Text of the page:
Now that the fog of those early parenting years is gone, I see more distinctly how stretched I was. To be clear, I loved playing with, teaching, reading to, and spending time with my children. But it was also very difficult. Writing my worries about the kids and my doubts in my parenting choices in my journal was a healthy outlet. I’d come away from a good journal-writing session feeling like the problems were expressed and solutions were on the way. I rarely took time to write about the good things about parenting in my journal, though, and that was something that needed to change.

Being tired, even exhausted, is a real part of being a parent of young children. Difficulty doesn’t necessarily mean something is bad. Those early years are a temporary marathon. If I could do it again, I wouldn’t feel ashamed of my personal need for solitude. I didn’t want to give the impression to anyone, especially the kids, that I saw parenting as a burden. But parenting IS a burden; it is a worthy, beautiful burden, and like any burden, it needs to be set down sometimes. I was wrong to think that taking some time away from the kids was selfish. It taxed my mental health to deny myself time with Richard and deny myself time alone. It created impossible dilemmas in my marriage. My prayers suffered. I could physically do the things I needed to do, but my spirit was faltering. I had developed a bad attitude about so many things.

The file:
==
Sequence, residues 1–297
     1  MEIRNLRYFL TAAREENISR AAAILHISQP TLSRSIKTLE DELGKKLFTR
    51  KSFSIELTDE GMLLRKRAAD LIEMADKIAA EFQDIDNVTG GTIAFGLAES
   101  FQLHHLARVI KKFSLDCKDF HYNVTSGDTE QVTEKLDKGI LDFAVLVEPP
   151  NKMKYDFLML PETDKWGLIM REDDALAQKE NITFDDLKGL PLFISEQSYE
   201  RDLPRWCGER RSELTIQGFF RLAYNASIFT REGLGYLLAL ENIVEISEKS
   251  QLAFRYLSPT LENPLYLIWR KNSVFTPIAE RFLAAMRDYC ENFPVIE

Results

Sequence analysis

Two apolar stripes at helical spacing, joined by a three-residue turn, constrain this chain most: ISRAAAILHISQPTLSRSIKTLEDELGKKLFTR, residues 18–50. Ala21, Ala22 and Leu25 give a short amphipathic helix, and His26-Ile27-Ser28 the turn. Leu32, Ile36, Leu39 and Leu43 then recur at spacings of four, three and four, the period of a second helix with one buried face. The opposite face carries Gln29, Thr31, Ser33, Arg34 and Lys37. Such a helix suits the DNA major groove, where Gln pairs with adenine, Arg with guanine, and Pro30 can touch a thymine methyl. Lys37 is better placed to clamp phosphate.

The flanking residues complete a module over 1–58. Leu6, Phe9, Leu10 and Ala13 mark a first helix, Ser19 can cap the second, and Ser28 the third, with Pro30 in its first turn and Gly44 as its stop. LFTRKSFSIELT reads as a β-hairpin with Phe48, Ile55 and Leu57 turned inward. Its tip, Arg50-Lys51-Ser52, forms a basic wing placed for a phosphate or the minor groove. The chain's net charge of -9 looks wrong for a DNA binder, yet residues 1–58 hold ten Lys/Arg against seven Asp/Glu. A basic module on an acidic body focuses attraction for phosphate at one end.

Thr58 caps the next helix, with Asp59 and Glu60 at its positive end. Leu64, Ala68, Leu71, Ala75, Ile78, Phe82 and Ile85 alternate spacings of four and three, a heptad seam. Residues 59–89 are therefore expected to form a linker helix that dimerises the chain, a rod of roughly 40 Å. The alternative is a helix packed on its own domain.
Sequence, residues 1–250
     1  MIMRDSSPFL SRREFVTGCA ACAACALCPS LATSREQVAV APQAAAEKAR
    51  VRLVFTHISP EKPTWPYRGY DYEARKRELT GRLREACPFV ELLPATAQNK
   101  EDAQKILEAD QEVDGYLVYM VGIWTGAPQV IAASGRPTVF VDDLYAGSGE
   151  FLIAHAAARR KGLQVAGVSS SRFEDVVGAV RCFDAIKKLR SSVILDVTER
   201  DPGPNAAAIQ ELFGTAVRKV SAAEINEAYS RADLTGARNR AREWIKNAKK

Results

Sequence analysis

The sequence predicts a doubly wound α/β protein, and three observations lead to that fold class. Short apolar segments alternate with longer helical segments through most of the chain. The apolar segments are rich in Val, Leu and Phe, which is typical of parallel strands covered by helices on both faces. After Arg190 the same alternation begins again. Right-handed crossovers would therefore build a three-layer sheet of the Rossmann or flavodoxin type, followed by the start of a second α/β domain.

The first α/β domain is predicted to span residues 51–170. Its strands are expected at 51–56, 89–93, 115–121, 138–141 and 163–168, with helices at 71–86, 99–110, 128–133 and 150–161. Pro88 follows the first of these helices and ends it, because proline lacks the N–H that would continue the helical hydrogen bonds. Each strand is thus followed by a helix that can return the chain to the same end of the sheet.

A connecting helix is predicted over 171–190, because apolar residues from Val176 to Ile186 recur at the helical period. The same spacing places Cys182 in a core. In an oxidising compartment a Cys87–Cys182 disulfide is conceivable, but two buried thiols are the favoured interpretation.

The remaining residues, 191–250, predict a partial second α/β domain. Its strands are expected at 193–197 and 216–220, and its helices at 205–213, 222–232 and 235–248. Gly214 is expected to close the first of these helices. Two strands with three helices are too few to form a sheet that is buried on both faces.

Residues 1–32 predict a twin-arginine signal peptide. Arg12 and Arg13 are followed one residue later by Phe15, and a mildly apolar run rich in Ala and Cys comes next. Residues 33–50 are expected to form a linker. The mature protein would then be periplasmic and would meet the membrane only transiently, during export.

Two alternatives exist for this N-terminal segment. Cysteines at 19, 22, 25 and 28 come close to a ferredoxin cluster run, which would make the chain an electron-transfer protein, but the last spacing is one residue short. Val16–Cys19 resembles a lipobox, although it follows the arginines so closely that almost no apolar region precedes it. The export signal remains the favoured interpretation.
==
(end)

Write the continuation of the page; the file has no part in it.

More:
I found my way out over the next few years by making some very minor adjustments in my life. There is nothing religious in my formula except a search for joy. I didn’t pray more or make huge efforts in temple work. I just decided to focus on the happy side of my story. I was still a stay at home mom with 4 children to educate. Richard was still busy at church. We were still living in the desert. All that changed was my attitude. The change came gradually because I did the following (these are links to old posts)*:

*If you are a parent of young children, perhaps your needs are different than mine. While I needed solitude, maybe you need more time with friends. I needed independence; a housekeeper or regular babysitter would have been too hard for me to accept. You may be different. Perhaps help around the house would be just the thing. Pride and comparison can get in the way of finding joy, too. It seems to me that the best thing to do is make a list of your interests, gifts, limitations, and dreams and make a plan. Finding joy can be as basic as smiling at a belligerent toddler instead of getting angry, or finding time to do something you love, even for one minute.

Smile First: Teenage edition

Smile First

(An updated version of a post I wrote in 2012)